نتیجه گیری انگلیسی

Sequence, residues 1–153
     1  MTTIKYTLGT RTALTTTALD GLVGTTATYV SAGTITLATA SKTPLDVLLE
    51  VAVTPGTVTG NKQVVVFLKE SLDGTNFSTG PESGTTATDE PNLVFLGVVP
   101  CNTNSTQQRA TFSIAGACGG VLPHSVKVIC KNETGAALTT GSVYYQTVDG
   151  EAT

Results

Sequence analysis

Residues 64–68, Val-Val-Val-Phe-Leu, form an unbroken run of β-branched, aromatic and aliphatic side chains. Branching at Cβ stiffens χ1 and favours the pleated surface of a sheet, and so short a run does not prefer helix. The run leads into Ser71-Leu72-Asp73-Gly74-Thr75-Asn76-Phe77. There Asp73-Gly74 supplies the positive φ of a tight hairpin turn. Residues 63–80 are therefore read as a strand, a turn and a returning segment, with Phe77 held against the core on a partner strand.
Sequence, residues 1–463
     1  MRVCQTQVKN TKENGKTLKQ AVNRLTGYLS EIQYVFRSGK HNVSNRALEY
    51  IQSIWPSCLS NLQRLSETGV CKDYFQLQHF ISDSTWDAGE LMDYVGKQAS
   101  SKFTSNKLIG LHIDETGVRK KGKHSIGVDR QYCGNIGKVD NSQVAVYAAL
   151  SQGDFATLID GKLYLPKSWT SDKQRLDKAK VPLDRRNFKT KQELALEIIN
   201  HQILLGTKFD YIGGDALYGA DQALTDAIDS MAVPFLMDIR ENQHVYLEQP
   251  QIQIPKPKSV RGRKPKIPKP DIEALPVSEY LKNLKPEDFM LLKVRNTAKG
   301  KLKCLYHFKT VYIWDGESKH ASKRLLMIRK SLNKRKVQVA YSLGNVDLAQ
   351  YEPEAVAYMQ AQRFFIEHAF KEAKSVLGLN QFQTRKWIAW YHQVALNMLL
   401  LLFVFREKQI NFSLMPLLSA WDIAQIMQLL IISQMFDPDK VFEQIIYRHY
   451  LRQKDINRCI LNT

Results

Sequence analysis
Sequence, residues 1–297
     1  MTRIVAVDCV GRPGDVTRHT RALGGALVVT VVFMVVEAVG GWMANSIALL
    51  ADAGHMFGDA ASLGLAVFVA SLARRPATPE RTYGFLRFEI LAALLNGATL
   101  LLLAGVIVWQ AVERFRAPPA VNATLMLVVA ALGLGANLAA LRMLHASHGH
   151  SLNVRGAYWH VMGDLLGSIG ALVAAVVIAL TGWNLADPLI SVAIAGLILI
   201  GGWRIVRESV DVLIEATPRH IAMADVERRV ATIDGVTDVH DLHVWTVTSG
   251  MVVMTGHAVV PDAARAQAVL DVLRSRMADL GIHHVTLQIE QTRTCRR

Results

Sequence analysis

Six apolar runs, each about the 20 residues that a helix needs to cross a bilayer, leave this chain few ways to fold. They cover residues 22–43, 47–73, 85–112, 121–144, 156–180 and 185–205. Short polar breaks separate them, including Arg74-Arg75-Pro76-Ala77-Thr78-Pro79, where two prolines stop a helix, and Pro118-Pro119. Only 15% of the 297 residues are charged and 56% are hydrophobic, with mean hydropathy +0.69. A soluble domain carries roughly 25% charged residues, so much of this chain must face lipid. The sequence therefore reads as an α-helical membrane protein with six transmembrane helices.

The research at hand focuses on the relationship of the Big-Five of personality with mentoring receipt. The results indicate that the Big-Five accounts for substantial variance in mentoring receipt over and above demographic, human capital and structural factors, with all Big-Five traits demonstrating links. In addition, the move from linear to quadratic equations brings considerable increase in the capacity of personality to explain variance. This means that the role of personality in mentoring is stronger and more complicated than what simple linear associations advise. The forms of the associations show substantial agreement between the two studies. This implies considerable generalizability across occupational and organizational contexts. Hence, the findings support the dispositional approach to organizational behavior because: (1) the Big-Five explains sizable variance in mentoring receipt over and above a host of personal, occupational and organizational demographics, and (2) the patterns of association show substantial congruence between the two studies, which represent different settings. Emotional stability demonstrates a remarkably consistent link with mentoring receipt across the two studies. The nature of the relationship indicates that in the whole of its spectrum higher levels of that trait constantly correspond to greater amounts of mentoring receipt. This means that qualities such as calmness, patience, confidence and a positive outlook of situations offer a continuous advantage in terms of receiving mentoring. Emotional stability is the only Big-Five trait within the construct of core self-evaluations, whose advocates view as a dispositional kernel that heavily influences the way individuals perceive themselves and their environment (Bono & Judge, 2003). The present findings, therefore, concur with the placement of emotional stability into a central spot in human disposition. Conscientiousness also has a linear relationship with mentoring receipt. However, this relationship appears only in one of the studies, albeit the one that utilizes the most structurally and occupationally heterogeneous sample and, hence, arguably bears most resemblance to the general working population. This means that in the general case increases in the strength of the trait convey an advantage in the mentoring receipt arena. On the other hand, the lack of relationship in the technically-oriented occupational context of the second study implies exceptions to the general case. Presumably tasks, procedures and quality specifications are more standardized within technically-oriented environments. Such standardization may suppress the effects of conscientiousness on job performance, thus rendering variance in conscientiousness among employees more difficult to discern. Indeed, some research suggests that conscientiousness does not relate to performance when tasks are technical and heavily prescribed (Mohammed, Mathieu, & Bartlett, 2002). This means that conscientious employees may be less distinguishable in such environments. That would reduce the likelihood for mentors to notice them and approach them as protégés. The fact that conscientiousness has the lowest variance among the Big-Five traits in the second study (where, to remind, peers assess the Big-Five) corroborates this tentative account. Openness and agreeableness demonstrate inverted U-shaped associations with mentoring receipt in both studies. For the greater part of their ranges increases in the strength of these traits augment the likelihood of receiving mentoring, but strong presence of the traits does not offer a mentoring advantage anymore and may in fact bring a handicap. This means that creativity, interest in learning and inquisitiveness on the one hand, and cooperativeness, trust, altruism and sensitivity on the other hand are for the most part helpful in obtaining a mentor and receiving mentoring functions. Extraversion also displays a relationship of overall positive trend with mentoring receipt. Apart from a limited range of scores near its negative pole (i.e., introversion) in one of the studies, increases in the strength of the trait accompany increases in amount of mentoring receipt. Hence, characteristics such as sociability, energy and action tendencies appear to provide a constant advantage in terms of mentor attraction and receiving mentoring functions. The slight discrepancy between the two studies with respect to extraversion may reflect the effects of context. The context of the second study is a technologically oriented occupational setting, where typical jobs involve the development and maintenance of various types of information systems. Jobs of that nature primarily demand ability to concentrate and maintain attention to the task, which fits introverts more than extraverts (e.g., see Beauducel et al., 2006 and Blumenthal, 2001). This may lead to filtering that renders most individuals in that occupational context low on extraversion. Indeed, in the second study extraversion has by far the lowest mean score of the Big-Five traits. Presuming that the characteristics of extraversion yield an advantage for an employee in terms of a mentor noticing him/her, this signifies that the effects of such characteristics become stronger in a low extraversion environment because in such an environment they are scarce. This explains the positive relationship of extraversion with mentoring receipt even near the low pole of the trait in the second study. On the other hand, in the setting of Study 1, which is presumably more representative of the general work environment, the relationship is negative in the vicinity of low extraversion. As seen, this is may be the outcome of introvert's very strong preference for developing intense exclusive relationships. Of course, this is a tentative account that needs testing. 7.1. Limitations The Big-Five is remarkably stable during adulthood (Judge et al., 1999), which justifies the assignment of cause to personality traits and of effect to mentoring receipt when applying the criterion of temporal stability. According to this criterion, more temporally stable variables are normally causes while less temporally stable factors are normally effects (Davis, 1985). This offers some confidence about causality despite the cross-sectional design. The research has taken precautions against common method bias: ensuring anonymity, using temporal separation in the completion of questionnaires of personality and mentoring, and offering the option of feedback on personality (e.g., see Podsakoff, MacKenzie, Lee, & Podsakoff, 2003). Furthermore, the second study utilizes multi-source measurement. In addition, the mentoring scale is immune to social desirability, a potential source of common method effects (Podsakoff et al., 2003). Therefore, the possibility for presence of common method variance in the findings is rather low. The issue of common method bias deserves some more consideration because of substantial attention in recent years; which has led to automatic attribution of inferior quality status to research that employs exclusively self-report measures. This is despite that empirical and quantitative review research (Crampton and Wagner, 1994 and Malhotra et al., 2006) concludes that common method bias is an overstated threat to validity. In the second study, which utilizes peer assessments of personality, the Big-Five accounts for much greater amounts of variance than in the first study, which utilizes self-reports. Considering that the measurement of mentoring is common in the two studies two explanations ensue: (1) indeed common method bias is not as serious an issue as assumed to be; (2) adoption of simple measures, such as careful choice or development of instruments, separate measurement of core variables, and offering feedback, are very effective means against common method bias. In either case, the present research contributes towards the counter-argument (e.g., see Spector, 2006) that the attention paid to common method bias is disproportional to the real threat. Responses to the mentoring measure represent participants' own perceptions, which may not be accurate (Welsh, Bhave, & Kim, 2012). Nevertheless, empirical research suggests substantial agreement between protégés and mentors in the amount of mentoring that flows within the relationship (Waters, McCabe, Kiellerup, & Kiellerup, 2002). In addition, for certain mentoring functions, such as socioemotional functions, perceptions of protégés are probably more accurate than perceptions of mentors (see Waters et al., 2002). Hence, self-report measures may represent the most valid method for assessing receipt of mentoring. 7.2. Directions The substantial consistency of the findings of the two studies, in line with the dispositional approach, suggests that the way Big-Five traits relate to mentoring receipt largely generalize across contexts. Nevertheless, inter-study consistency is not perfect, and as seen in detail above, the occupational setting may moderate some relationships. Therefore, future research must investigate for occupational and organizational moderators. In addition, individual characteristics may also affect the pattern of certain relationships. Self-monitoring (Snyder, 1974) is such a characteristic. Self-monitoring reflects the extent to which individuals carefully monitor and modify their behavior according to social cues in order to project favorable public image. High self-monitors may sense in the behavior of their mentors or potential mentors the negative impressions excessive display of acts associated with openness and agreeableness create, and may suppress or manage pertinent behaviors accordingly. This means that for high self-monitors the relationship of these traits with mentoring receipt may not include a bending point (i.e., the relationship is linear and positive) while for low self-monitors the inverted-U-shape curvature is more pronounced. The universality of the Big-Five does not mean that its traits relate in the same way with work and other outcomes across cultures (McCrae and Costa, 1997 and Van Emmerik et al., 2010). Therefore, research in other cultural clusters, or even in other countries of the Anglo-Saxon cluster, is advisable. For example, the British society, like those of other individualistic English-speaking and West-European countries, values and encourages autonomous and independent thinking over conformism and obedience (Schwartz, 2006). On the other hand, Confucian and South Asian societies endorse conformism and compliance over intellectual and emotional autonomy (e.g., Bond and Smith, 1986 and Schwartz, 2006). This may mean that openness does not relate in the same way to mentoring receipt in those societies because superiors may not appreciate openness-related behaviors from their subordinates. As another example, high neutrality is a characteristic of British culture. A neutral culture, as opposed to an affective culture, signifies non-appreciation and discouragement of overt expression of felt emotions (Trompenaars, 1993). This invites the possibility that those Big-Five traits that pertain to experience and expression of emotions, like emotional stability and extraversion (e.g., Watson & Clark, 1992), relate more strongly with mentoring receipt in affective cultures. The present era of globalization has brought an unprecedented movement of individuals across national borders. The extent to which personality traits have consistency in their relationships with mentoring receipt across cultures has essence for those who move across national boundaries (see also Baruch & Bozionelos, 2010). Research in various national settings will contribute towards the development of pertinent advice for individuals and organizational agents alike. The exclusive focus on traditional informal mentoring represents a conscious, validity enhancing, choice. Nevertheless, the relationship of the Big-Five with mentoring receipt demands investigation within formal and non-traditional (e.g., lateral mentoring, which takes place between peers) mentoring relationships as well. Non-traditional developmental relationships, like peer-mentoring (e.g., McManus & Russell, 2007), acquire special importance these days due to flattening of organizations, stretching of the workforce, and employment uncertainty. These phenomena reduce the amount of time managers can dedicate to subordinates and suppress their motivation to provide mentoring (Allen et al., 1997). The dynamics of lateral and traditional mentoring are dissimilar (e.g., less power differential), hence, the effects of personality may also differ. Finally, the implications of the present research extend beyond the domain of mentoring. Although many critical workplace outcomes clearly relate to personality, authors pose questions on its substantive contribution, invoking rather weak relationships with key outcomes (e.g., Hurtz & Donovan, 2000). However, extant research on correlates of personality mostly assumes and tests linear associations. The present findings imply that the contribution of personality is substantially stronger and more complicated than currently believed because non-linear relationships appear at play. This adds to calls and emerging literature (e.g., Vasilopoulos et al., 2007) on the curvilinear perspective to the association of personality with work processes and outcomes, which opens a new horizon that future research ought to explore.